The visit by Olympic officials has been eagerly anticipated by Chicago 2016 committee members, as well as the mayor. Chicago is the IOC's first stop on its tour of 2016 Games finalists, which include Rio de Janeiro, Madrid and Tokyo.
Daley administration officials did not immediately respond to questions about the possible picketing.

Angela Rozas contributed to this report.

Wednesday, March 25, 2009

Do You Want the Olympics Here?

Chicago Tribune Poll:,0,5364954,post.poll

Do you want the Olympics here?
Do you want the Olympics to come to Chicago?

Yes (3595 responses)


No (13052 responses)


16647 total responses (Results not scientific)
Be aware, very aware of this group. they have sold out the Washington Park Community for the notion that they will gain from the Olympics!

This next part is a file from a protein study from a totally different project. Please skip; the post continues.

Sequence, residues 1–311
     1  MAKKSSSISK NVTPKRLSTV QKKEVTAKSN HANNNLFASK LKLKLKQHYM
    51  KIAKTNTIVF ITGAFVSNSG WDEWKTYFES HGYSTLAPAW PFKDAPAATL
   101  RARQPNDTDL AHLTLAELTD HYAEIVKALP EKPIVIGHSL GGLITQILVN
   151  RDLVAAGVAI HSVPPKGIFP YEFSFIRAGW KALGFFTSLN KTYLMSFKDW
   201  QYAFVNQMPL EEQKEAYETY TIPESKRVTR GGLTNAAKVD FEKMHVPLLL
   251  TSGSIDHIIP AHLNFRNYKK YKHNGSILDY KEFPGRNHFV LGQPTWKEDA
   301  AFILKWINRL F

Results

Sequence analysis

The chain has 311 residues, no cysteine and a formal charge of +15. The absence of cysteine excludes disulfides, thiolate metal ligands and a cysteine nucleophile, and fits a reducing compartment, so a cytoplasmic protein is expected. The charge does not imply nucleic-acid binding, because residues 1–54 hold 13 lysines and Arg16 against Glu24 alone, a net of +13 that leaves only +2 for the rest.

April 4, Saturday, 9 am. Washington Park Olympics Coalition. Field house, 5531 S. King Dr. Cecilia Butler.

Saturday, March 21, 2009

Chicago Communities Speak Out On Olympics 2016
Below is a summary of statements given by representatives from 4o of Chicago’s 77 Communities

Female-61-Auburn Gresham….”I don’t feel the Games will be of any benefit to the Black Community”.

Female-6o-Woodlawn….”We don’t want to be uprooted and to do this for some games, that’s crazy!”

Female-68-Woodlawn….”I’m a senior and I’ve been hearing talks about what’s goin to happen to Black people, seniors, poor people etc. We will be replaced by the Olympics.

Female-28-Pilsen….”I believe the Olympics will bring more police harassment/brutality than usual to my neighborhood.”

Male-59-Rogers Park….”The Olympics is a crime against humanity”.

Male-69-Woodlawn….”What about putting the money towards seniors health?”

Male-25-McKinley Park….”Every year now, the city goes over budget. That brings mores taxes and layoffs. When projects like Millennium Park can go 325 million (double over the original budget) just imagine the possible cost overruns for development the size of the Olympics.”